1880’s Bridge Developed from Whilst

The card game Bridge is part of the genre of trick taking games and is an offshoot of the card game Whist. Whist was popular in Europe for several hundred years. One form of Whist was Russian Whist that was also known as Biritch. Biritch pronounced in English is Bridge and that is where the name Bridge comes from.

Bridge’s predecessor Biritch shared many similar aspects of game play with the modern Bridge game.

  • Trump suit chosen by dealer or told partner to pick the trump suit
  • No trump option
  • Dummy hand is the Dealer’s partner
  • Score Doubling and Redoubling
  • Points scored above the line and below the line
  • 3NT | 4H | 5D Game
  • Slam Bonuses
The first Bridge Rule Book is dated 1886. Bridge took off in the 1890’s throughout America overtaking the popularity of Whist. Similarly in Europe, the United Kingdom was leading the European transition into Bridge becoming the most popular card game.

1900’s Auction Bridge

With the development of Auction Bridge in 1904 the game took on new levels of complexity and excitement. Players bidding each hand against the other pair to decide the declarer and the contract adding a whole new dimension to the game. Auction Bridge made the game’s objective to fulfill the contract. Penalties for failing to fulfill the contract were added to the game’s scoring.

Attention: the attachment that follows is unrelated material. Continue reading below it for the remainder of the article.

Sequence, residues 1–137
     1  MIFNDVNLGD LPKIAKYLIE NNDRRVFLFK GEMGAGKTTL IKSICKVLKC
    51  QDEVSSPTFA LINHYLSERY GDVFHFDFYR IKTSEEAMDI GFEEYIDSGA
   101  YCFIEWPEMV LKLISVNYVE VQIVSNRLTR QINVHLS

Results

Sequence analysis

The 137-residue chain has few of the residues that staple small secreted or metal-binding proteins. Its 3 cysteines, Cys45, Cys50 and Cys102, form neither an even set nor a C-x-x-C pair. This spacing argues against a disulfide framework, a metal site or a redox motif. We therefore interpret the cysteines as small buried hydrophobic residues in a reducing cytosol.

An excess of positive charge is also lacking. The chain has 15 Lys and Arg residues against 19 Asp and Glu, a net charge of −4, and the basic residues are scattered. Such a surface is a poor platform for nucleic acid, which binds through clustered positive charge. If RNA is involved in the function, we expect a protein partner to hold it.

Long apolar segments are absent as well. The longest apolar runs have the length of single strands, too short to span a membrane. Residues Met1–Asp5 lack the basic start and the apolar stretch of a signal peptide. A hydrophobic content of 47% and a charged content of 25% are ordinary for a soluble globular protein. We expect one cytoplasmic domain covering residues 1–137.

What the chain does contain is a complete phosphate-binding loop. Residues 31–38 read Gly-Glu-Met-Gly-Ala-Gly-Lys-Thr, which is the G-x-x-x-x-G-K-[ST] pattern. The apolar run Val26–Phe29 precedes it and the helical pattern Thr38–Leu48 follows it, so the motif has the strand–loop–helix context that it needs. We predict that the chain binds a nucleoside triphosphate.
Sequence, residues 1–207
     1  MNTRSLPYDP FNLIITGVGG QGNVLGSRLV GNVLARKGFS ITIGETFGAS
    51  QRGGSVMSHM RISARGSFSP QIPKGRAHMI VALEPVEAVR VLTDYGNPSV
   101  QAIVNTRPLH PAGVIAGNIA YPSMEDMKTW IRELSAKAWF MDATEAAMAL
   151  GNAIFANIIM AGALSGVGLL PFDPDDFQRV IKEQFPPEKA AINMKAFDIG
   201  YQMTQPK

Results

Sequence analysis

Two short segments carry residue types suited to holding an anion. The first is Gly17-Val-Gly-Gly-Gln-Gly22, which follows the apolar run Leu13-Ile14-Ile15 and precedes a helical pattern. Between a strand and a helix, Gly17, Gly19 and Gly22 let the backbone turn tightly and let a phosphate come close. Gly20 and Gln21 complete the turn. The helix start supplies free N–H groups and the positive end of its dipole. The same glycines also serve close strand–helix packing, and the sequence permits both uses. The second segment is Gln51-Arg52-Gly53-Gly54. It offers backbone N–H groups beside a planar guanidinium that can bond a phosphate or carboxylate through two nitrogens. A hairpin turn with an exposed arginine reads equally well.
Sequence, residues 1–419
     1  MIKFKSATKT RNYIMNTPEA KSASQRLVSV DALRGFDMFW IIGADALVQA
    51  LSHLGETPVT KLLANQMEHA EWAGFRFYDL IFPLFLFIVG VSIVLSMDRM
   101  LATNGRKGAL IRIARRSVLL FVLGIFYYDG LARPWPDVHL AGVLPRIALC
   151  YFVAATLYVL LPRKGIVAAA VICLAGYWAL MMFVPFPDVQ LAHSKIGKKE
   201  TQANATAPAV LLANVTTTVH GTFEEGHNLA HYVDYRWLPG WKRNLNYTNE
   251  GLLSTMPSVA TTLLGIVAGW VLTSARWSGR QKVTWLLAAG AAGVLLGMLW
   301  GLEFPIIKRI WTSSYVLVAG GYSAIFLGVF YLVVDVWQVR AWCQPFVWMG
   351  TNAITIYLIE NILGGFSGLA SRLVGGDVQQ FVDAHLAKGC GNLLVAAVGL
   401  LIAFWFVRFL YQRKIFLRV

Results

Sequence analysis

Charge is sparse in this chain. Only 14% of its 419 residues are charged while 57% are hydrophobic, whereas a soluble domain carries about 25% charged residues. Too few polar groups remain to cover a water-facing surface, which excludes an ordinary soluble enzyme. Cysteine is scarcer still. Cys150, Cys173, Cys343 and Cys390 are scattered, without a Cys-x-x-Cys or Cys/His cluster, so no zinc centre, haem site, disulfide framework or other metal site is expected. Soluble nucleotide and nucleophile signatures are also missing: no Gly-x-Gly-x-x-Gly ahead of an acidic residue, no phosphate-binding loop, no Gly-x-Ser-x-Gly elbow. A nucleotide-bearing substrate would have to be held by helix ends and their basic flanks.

1920’s Bridge Scoring Changes

Auction Bridge added an exciting wrinkle to Bridge and Harold Stirling Vanderbilt took it a step further by creating a standard set of rules for Contract Bridge. Along with the help of others, Vanderbilt rule changes in 1925 made a huge impact on the game:
  • Only tricks contracted for were scored below the line for a game bonus or slam bonus
  • Vulnerability was developed which made it more costly to sacrifice in order to protect a lead in a rubber
  • Scoring changes made for a more balanced game for both sides
  • duplicate bridge

    2000’s Duplicate Bridge

    Duplicate Bridge has become the game of choice throughout the United States and Australia and its popularity is increasingly in Europe and the United Kingdom. Duplicate Bridge is available for people to play online, at tournaments and at many clubs. Though Rubber Bridge is still widely played, the interest for Duplicate Bridge has made the ability to compare the greatest Bridge pairs in an equally fair competition a fascinating dramatic aspect to the current Bridge tournament events.

    The History of Bridge has seen exciting development added to the game. Major international Bridge events are being held monthly around the world and interest in the game seems to increasing as Bridge is introduced to the next generation of players.